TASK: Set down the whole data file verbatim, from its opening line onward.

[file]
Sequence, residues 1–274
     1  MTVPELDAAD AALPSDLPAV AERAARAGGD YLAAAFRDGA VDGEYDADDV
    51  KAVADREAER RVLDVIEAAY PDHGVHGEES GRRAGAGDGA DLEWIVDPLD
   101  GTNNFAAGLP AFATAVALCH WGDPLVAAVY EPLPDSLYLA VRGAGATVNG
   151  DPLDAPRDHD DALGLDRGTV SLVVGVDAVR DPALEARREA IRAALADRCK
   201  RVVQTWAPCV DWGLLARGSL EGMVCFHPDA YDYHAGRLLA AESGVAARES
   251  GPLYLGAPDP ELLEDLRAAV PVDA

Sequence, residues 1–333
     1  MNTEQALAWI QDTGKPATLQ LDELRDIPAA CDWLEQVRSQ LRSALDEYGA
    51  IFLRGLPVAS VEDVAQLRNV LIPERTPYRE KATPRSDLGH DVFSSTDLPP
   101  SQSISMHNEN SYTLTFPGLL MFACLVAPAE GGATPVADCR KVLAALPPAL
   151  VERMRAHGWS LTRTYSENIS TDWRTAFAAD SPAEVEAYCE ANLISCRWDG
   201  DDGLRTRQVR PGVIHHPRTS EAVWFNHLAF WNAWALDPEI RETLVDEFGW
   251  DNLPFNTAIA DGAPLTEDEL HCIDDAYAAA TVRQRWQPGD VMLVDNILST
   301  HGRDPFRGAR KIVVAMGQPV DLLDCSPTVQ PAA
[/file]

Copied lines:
Sequence, residues 1–274
     1  MTVPELDAAD AALPSDLPAV AERAARAGGD YLAAAFRDGA VDGEYDADDV
    51  KAVADREAER RVLDVIEAAY PDHGVHGEES GRRAGAGDGA DLEWIVDPLD
   101  GTNNFAAGLP AFATAVALCH WGDPLVAAVY EPLPDSLYLA VRGAGATVNG
   151  DPLDAPRDHD DALGLDRGTV SLVVGVDAVR DPALEARREA IRAALADRCK
   201  RVVQTWAPCV DWGLLARGSL EGMVCFHPDA YDYHAGRLLA AESGVAARES
   251  GPLYLGAPDP ELLEDLRAAV PVDA

Sequence, residues 1–333
     1  MNTEQALAWI QDTGKPATLQ LDELRDIPAA CDWLEQVRSQ LRSALDEYGA
    51  IFLRGLPVAS VEDVAQLRNV LIPERTPYRE KATPRSDLGH DVFSSTDLPP
   101  SQSISMHNEN SYTLTFPGLL MFACLVAPAE GGATPVADCR KVLAALPPAL
   151  VERMRAHGWS LTRTYSENIS TDWRTAFAAD SPAEVEAYCE ANLISCRWDG
   201  DDGLRTRQVR PGVIHHPRTS EAVWFNHLAF WNAWALDPEI RETLVDEFGW
   251  DNLPFNTAIA DGAPLTEDEL HCIDDAYAAA TVRQRWQPGD VMLVDNILST
   301  HGRDPFRGAR KIVVAMGQPV DLLDCSPTVQ PAA